Hands-on review: Beats Pill portable speaker

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beats-pill-top.jpgBeats, quickly becoming the most-recognisable (and most visible) headphones brand on the market, have been branching out of the headwear game since breaking from their partners at Monster. The latest fruits to come forth from the Dr Dre-endorsed brand is the Beats Pill portable wireless speaker, set to go toe-to-toe with the Jambox and Bose Soundlink for space in your picnic basket as the summer months approach. We had a quick play at an Amazon Summer Wish List event held in London earlier today. Here’s our initial thoughts.

As its name suggests, the Beats Pill shares similar looks with any painkilling capsule that we all become all-too-well acquainted with on a Saturday morning after a heavy night on the town. A mixture of white plastics with red highlights, and with a white metal grille covering the speakers themselves, it’s an attractive speaker that sticks with the Beats brand’s signature aesthetics. It also comes with a form-fitting carry case, protecting the speaker should you be dragging it around carelessly in a bag.

Roughly the same size as a remote control (though built in a more cylindrical shape), it’s surprisingly weighty in the hand, giving it a reassuringly sturdy feel.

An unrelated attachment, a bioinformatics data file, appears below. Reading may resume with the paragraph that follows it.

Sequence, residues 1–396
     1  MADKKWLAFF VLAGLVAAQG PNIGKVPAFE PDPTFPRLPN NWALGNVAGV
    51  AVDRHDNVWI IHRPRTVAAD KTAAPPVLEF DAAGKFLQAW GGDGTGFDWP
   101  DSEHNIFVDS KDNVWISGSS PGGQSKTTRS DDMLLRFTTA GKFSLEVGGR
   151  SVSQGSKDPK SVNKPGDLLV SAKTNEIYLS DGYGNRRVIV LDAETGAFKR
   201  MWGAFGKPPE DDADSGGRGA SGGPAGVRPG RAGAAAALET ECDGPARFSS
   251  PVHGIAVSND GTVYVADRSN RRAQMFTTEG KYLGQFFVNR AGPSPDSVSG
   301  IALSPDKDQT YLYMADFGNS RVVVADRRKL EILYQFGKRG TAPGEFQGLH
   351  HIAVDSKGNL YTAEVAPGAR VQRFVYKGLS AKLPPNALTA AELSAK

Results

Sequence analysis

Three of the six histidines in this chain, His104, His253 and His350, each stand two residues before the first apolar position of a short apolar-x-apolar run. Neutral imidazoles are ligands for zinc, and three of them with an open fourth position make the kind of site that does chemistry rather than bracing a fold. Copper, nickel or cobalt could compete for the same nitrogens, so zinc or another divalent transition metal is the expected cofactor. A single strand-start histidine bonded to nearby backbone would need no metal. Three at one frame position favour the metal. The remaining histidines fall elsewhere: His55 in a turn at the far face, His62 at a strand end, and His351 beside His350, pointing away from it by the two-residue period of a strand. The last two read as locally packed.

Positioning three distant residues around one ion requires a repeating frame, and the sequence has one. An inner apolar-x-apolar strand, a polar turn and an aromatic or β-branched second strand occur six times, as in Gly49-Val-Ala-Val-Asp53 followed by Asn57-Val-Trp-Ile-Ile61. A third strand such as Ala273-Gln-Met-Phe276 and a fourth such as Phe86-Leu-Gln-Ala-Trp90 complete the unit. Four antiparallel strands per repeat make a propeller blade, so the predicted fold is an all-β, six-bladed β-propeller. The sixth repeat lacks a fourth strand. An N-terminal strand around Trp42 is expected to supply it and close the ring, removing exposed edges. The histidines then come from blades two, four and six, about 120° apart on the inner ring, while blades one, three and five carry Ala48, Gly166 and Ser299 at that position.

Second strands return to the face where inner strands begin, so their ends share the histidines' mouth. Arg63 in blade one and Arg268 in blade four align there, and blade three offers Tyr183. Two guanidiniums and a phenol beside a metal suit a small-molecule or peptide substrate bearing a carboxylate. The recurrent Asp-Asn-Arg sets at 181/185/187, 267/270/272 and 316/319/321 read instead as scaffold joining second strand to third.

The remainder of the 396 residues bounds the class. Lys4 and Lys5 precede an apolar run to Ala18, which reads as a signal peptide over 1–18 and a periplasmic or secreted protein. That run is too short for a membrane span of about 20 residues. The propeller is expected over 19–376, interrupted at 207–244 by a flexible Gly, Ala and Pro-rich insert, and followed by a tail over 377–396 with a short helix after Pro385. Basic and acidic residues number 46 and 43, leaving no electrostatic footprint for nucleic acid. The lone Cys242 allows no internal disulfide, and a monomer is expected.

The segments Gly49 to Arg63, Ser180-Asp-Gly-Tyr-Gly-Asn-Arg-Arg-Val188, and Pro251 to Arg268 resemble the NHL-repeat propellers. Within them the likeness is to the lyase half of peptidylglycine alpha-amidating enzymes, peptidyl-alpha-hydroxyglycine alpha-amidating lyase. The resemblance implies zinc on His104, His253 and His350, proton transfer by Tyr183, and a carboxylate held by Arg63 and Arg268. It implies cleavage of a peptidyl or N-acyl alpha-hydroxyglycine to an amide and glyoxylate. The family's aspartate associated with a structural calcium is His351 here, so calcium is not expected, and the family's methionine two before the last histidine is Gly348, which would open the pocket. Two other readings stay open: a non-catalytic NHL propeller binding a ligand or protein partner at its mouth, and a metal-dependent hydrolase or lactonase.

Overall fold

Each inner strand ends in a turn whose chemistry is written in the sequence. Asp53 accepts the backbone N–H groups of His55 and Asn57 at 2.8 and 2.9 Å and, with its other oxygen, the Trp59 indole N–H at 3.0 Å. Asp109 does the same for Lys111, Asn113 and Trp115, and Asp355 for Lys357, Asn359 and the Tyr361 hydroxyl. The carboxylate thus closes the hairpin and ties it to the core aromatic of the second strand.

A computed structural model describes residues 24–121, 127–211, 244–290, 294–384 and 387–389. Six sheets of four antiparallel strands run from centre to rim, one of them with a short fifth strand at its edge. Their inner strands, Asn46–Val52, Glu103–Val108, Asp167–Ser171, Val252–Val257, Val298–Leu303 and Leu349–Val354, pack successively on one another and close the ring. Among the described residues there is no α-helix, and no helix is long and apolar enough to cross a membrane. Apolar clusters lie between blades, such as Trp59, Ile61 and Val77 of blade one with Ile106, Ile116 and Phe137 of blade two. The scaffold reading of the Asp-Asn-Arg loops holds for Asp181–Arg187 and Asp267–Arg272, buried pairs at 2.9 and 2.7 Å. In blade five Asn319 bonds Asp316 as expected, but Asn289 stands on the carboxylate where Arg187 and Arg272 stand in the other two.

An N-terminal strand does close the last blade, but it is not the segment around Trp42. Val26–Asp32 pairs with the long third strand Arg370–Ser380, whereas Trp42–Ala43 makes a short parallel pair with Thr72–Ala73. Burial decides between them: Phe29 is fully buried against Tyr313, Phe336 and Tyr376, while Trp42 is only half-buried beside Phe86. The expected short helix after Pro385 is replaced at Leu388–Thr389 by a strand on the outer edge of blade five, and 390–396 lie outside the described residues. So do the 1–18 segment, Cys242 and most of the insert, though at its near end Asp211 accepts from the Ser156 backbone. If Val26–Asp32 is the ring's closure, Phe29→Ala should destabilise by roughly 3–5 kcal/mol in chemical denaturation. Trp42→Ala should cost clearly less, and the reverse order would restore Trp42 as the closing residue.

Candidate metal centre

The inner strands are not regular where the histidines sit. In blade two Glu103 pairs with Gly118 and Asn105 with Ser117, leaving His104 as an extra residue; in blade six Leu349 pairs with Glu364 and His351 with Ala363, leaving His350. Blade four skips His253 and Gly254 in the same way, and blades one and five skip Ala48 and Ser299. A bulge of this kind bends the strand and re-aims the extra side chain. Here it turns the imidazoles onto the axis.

beats-pill-case.jpgThe Beats Pill can connect to a smartphone or other audio source in one of three ways. Firstly, there’s the standard Bluetooth connection, activated by hitting the Beats logo on the speaker’s front. Secondly, there’s a 3.5mm audio-in jack on the back for hooking up devices without Bluetooth (accompanied by an audio-out port). Thirdly, and most excitingly, is NFC support. Hit the Beats button on the front to activate Bluetooth, then tap your NFC-enabled device against the Beats Pill and you’ll instantly pair the two together – no need to dig around in Bluetooth pairing menus.

On the rear you’ll also find a USB charging port, as well as a power button. The Beats Pill is said to be good for around 7 hours of use per charge – not bad for a portable speaker this size, but not class leading either. Keep in mind that this is the manufacturer’s quoted battery lifespan – we’re looking to do a full review of the Beats Pill soon and we’ll be able to confirm or dismiss these claims then, so check back soon.

Of course, being a 2.1 speaker, the Beats Pill will need to impress on the audio front, and our short time with the speaker was a positive initial listen. Hitting surprisingly loud volume levels for a device so small, the Beats Pill seems tuned slightly more neutrally than Beats headphones. A portable speaker this size will always struggle to produce bass to match larger home speakers or over ear cans, but with the Beats Pill it results in a sound more flexible than its over-ears stable mates. The speaker looks to be just as good a fit for softer, folkier music and guitar-based sounds as well as the hip-hop and dance genres that Beats devices are usually tuned for.

Available now from Amazon.co.uk in white, black and red, the Beats Pill Bluetooth speaker costs £169.95. We’ll be looking to conduct a full in-depth review in the near future, so keep your eyes peeled for our final verdict and score.

Gerald Lynch